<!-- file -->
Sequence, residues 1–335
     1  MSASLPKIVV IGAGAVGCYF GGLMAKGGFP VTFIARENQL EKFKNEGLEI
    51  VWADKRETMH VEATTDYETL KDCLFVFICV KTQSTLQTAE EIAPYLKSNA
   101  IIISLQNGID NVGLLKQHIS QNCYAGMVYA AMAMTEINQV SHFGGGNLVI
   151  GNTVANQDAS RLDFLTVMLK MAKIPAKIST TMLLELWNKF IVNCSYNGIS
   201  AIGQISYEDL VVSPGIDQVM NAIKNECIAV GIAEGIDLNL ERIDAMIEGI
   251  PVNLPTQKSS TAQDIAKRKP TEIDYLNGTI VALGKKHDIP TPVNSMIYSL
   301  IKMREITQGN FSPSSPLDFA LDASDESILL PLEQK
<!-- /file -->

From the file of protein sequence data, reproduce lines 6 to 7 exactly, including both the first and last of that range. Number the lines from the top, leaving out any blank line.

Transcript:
   201  AIGQISYEDL VVSPGIDQVM NAIKNECIAV GIAEGIDLNL ERIDAMIEGI
   251  PVNLPTQKSS TAQDIAKRKP TEIDYLNGTI VALGKKHDIP TPVNSMIYSL